- Associated Press - Saturday, March 15, 2014

ANCHORAGE, Alaska (AP) - Tok musher and former Yukon Quest champion Hugh Neff has been in big trouble before during a 1,000-mile race. He has lost a dog on the trail. This time, he thought he might lose his life.

“The … words I kept repeating to myself was, ‘I want to live. I want to live. I want to live,’” Neff said in a phone interview from Nome, where he is recovering from a dangerous night stranded for 10 hours on frozen Golovin Bay.

The nine-time Iditarod finisher’s tale is one of several horror stories emerging this week as mushers describe the final hours of one of the toughest Iditarods in memory. What started as a sometimes snowless gauntlet of rocks and trees ended in a battle with surging winds that bullied mushers to their knees.

Four-time winner Jeff King, all but assured a victory when he left White Mountain with a one-hour lead, was forced to scratch when the winds shoved his team from the trail. Second place Aliy Zirkle said her race stopped being about winning the Iditarod and became a game of survival by the time she reached Safety, 22 miles from the finish.

Neff’s problems began Monday afternoon, when he was one of four mushers to leave Elim within a 28-minute span.

He was the first to go, leaving with only eight dogs, Neff said. By 1:40 p.m., Jessie Royer, Ray Redington Jr. and Hans Gatt had also launched for Nome.

The bay was like a hockey rink of glare ice, Neff said. Even with no booties on their paws, the dogs couldn’t scratch out enough traction to move steadily forward in what the musher described as 60 mph winds.

“I could barely stand,” he said.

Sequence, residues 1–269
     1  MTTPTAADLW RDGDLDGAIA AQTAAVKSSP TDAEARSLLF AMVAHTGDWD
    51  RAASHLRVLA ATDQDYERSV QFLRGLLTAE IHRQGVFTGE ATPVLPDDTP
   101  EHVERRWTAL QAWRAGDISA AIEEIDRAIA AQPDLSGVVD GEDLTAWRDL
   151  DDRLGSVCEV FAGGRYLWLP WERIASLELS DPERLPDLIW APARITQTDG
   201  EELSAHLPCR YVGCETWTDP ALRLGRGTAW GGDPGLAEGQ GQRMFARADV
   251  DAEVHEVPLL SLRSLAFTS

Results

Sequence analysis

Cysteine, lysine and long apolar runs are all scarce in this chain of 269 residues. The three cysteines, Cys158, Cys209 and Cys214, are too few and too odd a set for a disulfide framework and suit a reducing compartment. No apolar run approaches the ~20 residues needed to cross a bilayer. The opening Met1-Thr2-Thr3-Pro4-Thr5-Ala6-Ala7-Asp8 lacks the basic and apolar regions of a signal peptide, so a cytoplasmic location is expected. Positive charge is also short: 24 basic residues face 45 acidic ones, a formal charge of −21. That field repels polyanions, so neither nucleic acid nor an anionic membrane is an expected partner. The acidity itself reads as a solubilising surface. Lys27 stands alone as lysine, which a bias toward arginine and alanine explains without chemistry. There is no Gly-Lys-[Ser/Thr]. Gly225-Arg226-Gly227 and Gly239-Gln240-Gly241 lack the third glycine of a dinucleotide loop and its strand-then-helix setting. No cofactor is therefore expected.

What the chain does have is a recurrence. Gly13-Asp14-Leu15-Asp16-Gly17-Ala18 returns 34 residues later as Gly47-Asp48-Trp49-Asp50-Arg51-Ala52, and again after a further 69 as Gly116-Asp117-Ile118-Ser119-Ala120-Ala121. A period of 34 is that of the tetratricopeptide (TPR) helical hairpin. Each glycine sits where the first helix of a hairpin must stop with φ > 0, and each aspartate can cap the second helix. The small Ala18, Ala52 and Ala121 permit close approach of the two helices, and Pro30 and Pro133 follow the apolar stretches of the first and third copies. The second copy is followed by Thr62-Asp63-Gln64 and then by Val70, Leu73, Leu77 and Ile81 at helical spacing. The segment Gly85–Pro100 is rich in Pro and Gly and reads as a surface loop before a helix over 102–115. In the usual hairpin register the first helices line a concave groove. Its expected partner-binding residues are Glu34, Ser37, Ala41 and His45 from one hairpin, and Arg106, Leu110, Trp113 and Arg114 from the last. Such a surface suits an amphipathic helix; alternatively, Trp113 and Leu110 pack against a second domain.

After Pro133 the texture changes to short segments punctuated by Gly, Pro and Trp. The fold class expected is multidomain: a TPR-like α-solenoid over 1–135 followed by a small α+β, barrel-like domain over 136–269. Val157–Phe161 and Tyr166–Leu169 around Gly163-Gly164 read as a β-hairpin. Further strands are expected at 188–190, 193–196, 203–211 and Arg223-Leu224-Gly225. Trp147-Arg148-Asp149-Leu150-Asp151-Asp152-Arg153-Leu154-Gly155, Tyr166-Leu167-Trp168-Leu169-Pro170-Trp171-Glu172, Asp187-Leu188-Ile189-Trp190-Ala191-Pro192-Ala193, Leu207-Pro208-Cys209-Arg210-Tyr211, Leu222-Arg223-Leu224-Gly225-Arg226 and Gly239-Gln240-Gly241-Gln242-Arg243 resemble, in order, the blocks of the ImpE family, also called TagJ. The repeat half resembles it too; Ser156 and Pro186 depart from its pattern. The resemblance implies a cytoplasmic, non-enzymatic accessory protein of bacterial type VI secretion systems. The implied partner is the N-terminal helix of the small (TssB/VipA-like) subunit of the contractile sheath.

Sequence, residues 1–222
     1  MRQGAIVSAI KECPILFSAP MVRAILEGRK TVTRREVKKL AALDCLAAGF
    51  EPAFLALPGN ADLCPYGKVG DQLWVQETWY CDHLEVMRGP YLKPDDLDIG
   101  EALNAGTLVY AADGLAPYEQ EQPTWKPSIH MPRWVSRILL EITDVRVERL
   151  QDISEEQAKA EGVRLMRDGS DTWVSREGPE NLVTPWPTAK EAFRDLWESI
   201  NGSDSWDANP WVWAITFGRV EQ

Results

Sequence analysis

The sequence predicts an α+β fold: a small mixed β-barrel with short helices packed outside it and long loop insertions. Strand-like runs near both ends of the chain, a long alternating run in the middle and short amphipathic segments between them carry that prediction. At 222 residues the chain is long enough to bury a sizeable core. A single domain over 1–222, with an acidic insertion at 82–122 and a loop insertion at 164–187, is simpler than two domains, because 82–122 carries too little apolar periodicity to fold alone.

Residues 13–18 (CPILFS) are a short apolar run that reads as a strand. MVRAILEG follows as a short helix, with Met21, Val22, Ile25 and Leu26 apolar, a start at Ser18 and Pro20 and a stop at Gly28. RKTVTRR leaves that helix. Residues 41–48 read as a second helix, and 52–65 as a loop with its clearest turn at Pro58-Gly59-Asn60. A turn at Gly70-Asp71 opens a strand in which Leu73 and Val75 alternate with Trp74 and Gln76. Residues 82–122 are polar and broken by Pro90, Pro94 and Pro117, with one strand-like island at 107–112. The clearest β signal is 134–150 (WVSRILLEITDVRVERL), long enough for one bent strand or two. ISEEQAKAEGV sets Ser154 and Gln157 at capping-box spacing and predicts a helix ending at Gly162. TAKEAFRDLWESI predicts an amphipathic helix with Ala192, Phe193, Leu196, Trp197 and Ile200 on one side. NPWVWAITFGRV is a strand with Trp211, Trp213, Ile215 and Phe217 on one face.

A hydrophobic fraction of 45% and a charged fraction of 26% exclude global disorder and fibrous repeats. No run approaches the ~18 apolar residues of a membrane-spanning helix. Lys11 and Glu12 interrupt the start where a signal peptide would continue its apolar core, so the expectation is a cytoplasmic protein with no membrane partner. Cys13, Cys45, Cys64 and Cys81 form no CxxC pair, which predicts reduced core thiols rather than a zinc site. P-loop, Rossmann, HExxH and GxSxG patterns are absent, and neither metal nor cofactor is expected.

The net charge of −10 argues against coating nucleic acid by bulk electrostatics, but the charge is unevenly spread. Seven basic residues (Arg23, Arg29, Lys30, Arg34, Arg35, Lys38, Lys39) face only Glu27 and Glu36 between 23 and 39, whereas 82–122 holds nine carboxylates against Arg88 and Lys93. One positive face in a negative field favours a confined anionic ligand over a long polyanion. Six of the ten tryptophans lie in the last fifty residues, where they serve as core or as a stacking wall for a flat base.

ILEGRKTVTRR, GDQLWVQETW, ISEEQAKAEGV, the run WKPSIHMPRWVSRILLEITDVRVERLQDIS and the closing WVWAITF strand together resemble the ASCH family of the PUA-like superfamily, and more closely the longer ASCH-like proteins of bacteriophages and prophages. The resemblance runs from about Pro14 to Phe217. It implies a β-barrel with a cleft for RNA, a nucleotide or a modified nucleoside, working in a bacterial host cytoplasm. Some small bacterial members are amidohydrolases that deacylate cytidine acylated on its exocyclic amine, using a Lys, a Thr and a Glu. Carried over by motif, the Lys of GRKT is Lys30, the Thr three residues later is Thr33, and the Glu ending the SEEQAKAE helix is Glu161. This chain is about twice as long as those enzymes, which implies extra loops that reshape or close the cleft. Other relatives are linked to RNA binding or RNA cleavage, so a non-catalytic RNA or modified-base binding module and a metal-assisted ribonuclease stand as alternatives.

Mushers start the Iditarod with 16 dogs. Neff was down to half that number on the ice and didn’t have the power to advance against the wind. Maybe he should have traveled around the bay, a path chosen by at least one other musher, he said. Or the trail should have been routed that way all along.

Another ex-Quest champ and past winner of the Iditarod dog care award, Sebastian Schnuelle, wrote that responsibility for Neff’s safety ultimately rested with the musher himself. Zirkle, he noted, made a cautious choice in similarly difficult conditions that night. Her decision to seek shelter likely cost her a first Iditarod win but ensured she and her dogs were safe.

“What has happened to responsible racing?” Schnuelle asked.

Neff tried walking in front of the team, leading the dogs a quarter mile or so at a time, he said.

He was moving too slow, getting too cold.

“I was stuck, man,” Neff said. “Nature had me in her grasp and she wasn’t going to let me go.”

The musher stopped trying to reach the end of the ice and set about surviving the night. He wrapped two headlamps around his handlebars, lights blinking as a distress signal to any passing snowmachines. Sweating, he climbed in his racing sled and covered himself in a sleeping bag.

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